We responded to this call for ideas considering as much the competition's medium for submission—a film three minutes or less—as the proposal for post SuperStorm Sandy inhabitance of New York's coast.
Inspired by Chris Marker's 'photo-roman' La Jetée, the proposal is told as a fictional story of a real place—a cycle of space and time where our future is also our past, achieved by letting it go.
The Narrator speaks a remembrance presented as being that of her daughter (now growing up in New York) in the year 2096, when she will be 90 years old. The image of this daughter as an old woman is one taken by the Narrator of her grandmother—or the daughter's great-grandmother - on a boat, in New York, when she was 90 years old. The daughter's recollected grandmother, appearing as a young girl with her sister, really is her grandmother—the Narrator's mother—taken on the beach in New York.
The latest hurricane evacuation maps issued by the City of New York underscore the extent to which the city is affected by rising tides and extreme weather. The magnitude can not be understated, and unlike urban regions elsewhere on the planet, it is only recently that civic thought has actively turned to the issue.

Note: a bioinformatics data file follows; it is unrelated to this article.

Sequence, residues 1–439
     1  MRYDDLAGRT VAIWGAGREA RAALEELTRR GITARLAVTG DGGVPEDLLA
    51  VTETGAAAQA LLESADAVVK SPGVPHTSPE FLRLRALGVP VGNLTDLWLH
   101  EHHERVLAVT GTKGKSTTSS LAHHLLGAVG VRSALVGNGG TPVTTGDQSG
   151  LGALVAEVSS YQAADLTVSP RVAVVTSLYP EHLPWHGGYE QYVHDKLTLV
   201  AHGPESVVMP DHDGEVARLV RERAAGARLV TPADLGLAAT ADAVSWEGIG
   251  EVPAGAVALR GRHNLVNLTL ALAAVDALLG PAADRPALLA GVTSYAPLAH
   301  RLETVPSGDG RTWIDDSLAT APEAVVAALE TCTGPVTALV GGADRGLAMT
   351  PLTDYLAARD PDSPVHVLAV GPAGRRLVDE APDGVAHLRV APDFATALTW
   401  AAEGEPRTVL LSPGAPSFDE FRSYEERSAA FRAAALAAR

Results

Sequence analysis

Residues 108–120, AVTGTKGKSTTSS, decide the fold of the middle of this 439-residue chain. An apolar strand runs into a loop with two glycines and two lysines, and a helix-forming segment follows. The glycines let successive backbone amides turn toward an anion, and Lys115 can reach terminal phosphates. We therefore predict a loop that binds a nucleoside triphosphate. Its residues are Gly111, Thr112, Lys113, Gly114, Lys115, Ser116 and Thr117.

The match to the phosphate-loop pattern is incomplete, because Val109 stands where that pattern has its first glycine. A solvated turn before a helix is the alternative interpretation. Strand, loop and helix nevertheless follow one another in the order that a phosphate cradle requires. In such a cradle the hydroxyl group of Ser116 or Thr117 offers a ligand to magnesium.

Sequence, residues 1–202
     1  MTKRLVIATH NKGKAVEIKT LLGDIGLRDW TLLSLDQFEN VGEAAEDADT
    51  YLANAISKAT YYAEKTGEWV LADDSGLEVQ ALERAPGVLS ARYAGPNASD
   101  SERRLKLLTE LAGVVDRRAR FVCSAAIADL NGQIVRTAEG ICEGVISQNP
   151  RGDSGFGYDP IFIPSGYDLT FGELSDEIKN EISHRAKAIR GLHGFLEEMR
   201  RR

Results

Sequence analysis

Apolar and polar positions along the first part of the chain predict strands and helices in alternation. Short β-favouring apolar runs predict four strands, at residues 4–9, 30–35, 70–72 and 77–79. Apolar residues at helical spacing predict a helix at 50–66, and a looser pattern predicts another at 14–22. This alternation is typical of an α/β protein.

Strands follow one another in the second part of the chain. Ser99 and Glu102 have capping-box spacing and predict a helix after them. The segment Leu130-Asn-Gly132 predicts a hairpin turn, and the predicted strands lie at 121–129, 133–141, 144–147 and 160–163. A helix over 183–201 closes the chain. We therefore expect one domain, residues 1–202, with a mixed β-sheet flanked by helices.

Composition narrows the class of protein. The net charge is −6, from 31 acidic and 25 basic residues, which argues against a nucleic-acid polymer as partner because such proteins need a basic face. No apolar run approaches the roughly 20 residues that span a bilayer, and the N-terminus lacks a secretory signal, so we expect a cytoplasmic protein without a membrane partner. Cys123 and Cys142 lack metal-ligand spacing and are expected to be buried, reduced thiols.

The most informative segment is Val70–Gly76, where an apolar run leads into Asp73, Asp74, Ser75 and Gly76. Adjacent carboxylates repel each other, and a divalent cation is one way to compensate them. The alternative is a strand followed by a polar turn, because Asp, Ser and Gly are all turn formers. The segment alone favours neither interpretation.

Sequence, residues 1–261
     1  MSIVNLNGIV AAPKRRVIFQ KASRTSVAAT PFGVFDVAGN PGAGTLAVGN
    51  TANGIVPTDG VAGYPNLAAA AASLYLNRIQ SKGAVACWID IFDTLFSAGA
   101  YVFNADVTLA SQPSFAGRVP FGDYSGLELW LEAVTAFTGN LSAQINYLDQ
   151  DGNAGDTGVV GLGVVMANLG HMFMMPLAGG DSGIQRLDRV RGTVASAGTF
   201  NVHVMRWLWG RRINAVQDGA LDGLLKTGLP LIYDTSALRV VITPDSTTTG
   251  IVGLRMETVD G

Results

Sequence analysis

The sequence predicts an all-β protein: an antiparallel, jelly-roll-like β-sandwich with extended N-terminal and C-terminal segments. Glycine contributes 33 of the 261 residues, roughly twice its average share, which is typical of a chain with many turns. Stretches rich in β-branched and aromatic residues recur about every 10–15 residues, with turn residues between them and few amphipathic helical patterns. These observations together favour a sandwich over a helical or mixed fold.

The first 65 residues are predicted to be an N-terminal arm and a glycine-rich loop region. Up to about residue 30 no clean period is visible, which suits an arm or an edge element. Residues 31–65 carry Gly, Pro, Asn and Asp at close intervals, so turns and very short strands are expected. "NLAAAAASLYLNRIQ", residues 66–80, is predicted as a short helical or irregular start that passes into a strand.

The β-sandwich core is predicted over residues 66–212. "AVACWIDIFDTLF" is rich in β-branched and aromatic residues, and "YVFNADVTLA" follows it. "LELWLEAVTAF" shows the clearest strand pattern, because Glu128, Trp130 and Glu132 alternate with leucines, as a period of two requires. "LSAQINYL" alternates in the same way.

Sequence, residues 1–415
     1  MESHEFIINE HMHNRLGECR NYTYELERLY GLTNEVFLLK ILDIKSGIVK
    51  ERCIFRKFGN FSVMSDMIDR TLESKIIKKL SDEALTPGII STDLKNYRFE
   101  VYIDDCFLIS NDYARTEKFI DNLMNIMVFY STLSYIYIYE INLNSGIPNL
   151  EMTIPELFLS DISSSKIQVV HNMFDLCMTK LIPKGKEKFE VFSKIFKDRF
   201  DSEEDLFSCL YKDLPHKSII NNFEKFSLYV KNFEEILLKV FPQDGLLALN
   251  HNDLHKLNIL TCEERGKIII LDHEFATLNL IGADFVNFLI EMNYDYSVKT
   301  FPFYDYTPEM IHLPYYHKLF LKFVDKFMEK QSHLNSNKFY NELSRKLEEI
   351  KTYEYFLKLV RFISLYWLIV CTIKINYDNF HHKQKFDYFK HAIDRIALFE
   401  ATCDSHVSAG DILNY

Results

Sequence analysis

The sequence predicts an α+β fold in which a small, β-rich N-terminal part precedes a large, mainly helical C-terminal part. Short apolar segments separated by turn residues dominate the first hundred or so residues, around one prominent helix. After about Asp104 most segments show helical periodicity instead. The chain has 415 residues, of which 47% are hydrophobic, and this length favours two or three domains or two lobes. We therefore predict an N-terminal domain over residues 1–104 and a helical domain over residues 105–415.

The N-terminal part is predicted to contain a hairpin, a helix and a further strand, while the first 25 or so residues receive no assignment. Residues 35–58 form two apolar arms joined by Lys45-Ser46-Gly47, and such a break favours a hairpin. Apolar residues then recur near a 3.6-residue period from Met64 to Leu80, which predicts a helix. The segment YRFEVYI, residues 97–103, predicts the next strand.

To conserve the current contours of New York, unaffected by any meteorological event, would require projects of such scale and scope they would be unsupported by current budgets or realistic time left. Our habitat is changing faster than we dare imagine. We've heard frustrations expressed: large scale proposals are impractical and only lead to cynical rebuilding in the same unsustainable manner, therefor being of no help to the affected communities. But it's arguably unrealistic for low-lying communities to insist on static inhabitation of the shore without reconsideration of essential meanings of permanence—as exampled by humanity's earliest coastal dwellers.